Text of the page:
J awoke with a start – his skin was clammy and he could feel his hair stuck to his neck and forehead. He blinked in the dark bedroom and tried to orientate himself – what time was it? The blue glow of his alarm clock told him that it was near to 3 am. He knew he was in his room, it felt familiar and his bunk bed creaked as he moved but, he knew something had woken him, and the ‘something’ felt bad.
He lay absolutely still, trying to ‘feel ‘ the darkness without moving. He listened so hard he wondered if the sheer effort of concentration might make his ears tilt to catch sound – but there was nothing out of the ordinary. The house was still, the rest of his family probably sound asleep and the dog, despite being on point as a guard dog during the day, was probably snoring downstairs in the kitchen. Whatever had jolted J awake made no such impression on his family. Unable to shake a feeling of menace, J tried retracing his steps using his subconscious. In trying to make himself remember what he’d been dreaming, the feeling of dread pressed in on him once more.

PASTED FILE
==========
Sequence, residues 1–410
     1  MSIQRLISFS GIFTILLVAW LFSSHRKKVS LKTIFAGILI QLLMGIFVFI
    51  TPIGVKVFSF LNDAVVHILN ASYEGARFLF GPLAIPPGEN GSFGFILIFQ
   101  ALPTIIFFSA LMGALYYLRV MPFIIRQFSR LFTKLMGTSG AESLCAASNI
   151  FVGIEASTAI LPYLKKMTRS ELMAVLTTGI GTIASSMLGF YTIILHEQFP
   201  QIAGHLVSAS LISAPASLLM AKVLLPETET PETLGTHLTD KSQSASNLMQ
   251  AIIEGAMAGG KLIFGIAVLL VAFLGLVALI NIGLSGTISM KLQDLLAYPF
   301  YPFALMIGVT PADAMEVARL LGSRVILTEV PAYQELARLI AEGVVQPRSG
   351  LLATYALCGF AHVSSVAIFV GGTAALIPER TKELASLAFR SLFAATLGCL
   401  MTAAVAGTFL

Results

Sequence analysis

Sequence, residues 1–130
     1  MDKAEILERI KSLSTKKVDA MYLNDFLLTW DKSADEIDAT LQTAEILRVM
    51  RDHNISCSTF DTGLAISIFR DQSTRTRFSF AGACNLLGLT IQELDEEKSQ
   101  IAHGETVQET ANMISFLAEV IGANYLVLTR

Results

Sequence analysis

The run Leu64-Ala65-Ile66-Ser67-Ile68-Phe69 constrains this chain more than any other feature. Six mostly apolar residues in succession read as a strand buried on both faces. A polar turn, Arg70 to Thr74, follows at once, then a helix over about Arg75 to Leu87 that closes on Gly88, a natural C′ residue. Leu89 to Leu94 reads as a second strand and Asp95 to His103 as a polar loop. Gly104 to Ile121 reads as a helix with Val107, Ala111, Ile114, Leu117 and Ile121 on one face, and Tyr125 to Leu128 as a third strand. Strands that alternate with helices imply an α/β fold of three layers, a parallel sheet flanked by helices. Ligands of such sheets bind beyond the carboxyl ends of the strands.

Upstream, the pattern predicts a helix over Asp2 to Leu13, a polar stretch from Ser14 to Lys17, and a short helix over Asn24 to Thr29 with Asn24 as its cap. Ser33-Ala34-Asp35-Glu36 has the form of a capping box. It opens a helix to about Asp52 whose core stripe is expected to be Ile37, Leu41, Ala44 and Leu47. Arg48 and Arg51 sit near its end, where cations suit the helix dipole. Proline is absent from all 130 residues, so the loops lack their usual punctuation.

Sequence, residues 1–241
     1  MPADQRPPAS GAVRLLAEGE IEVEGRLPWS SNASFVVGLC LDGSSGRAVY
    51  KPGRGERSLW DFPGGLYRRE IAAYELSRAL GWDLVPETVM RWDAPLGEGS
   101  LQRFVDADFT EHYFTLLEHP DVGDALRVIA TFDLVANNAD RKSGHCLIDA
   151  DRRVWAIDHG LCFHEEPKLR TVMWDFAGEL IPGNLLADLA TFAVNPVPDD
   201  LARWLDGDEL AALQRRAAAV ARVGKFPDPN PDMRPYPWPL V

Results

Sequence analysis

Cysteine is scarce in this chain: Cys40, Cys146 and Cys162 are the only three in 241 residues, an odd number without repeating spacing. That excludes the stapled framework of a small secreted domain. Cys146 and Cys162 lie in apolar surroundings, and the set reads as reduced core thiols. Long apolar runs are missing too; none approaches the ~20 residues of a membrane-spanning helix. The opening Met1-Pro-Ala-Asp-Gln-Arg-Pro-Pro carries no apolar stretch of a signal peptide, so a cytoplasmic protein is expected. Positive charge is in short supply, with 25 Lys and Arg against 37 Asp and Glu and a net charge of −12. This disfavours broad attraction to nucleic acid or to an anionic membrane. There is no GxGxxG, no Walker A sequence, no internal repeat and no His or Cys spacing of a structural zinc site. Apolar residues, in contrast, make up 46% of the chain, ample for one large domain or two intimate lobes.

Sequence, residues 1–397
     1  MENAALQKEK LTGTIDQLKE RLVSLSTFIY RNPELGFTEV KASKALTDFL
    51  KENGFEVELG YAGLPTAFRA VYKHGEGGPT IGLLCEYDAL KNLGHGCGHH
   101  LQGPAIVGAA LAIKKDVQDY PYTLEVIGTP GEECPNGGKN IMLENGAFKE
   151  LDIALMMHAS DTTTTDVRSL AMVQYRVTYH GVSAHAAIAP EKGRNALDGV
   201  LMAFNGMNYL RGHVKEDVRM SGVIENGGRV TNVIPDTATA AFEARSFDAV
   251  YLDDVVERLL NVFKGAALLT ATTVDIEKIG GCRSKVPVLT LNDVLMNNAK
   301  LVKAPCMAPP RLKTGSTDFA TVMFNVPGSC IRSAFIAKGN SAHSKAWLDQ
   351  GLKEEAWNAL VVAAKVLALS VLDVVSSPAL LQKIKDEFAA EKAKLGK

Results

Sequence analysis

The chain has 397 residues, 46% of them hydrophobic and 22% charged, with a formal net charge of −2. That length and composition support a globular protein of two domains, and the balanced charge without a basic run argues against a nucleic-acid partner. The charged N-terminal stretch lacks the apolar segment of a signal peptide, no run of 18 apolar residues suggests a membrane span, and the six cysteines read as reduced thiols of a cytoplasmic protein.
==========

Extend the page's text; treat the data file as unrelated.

J found himself on the street – the familiar route he took to and from school – yet it was wrong somehow. It was night time and the moon bathed the trees and gardens with an eerie silver glow. The wind moved the branches and clouds scudded along at quite a pace, while the first autumn leaves made scuttling noises as they were lifted and swirled on pavements and drives. J moved towards home, unsure why he was out so late. He cast his eyes to either side looking for danger.
Suddenly his heart leapt in his chest when something lurched out of the shadows. It was a cat! Keeping low to the ground and emitting a yowl, it flashed past him to disappear just as quickly into the shadows of a nearby hedge. What had startled the cat J wondered? His own heart was still hammering when he saw a frail hunched figure near the garden wall.
J could make out that it was a child, the body was too slender to be a man, but it was hard to discern the features. J drew closer, whilst keeping to the shadows of the hedge.
[To be continued …]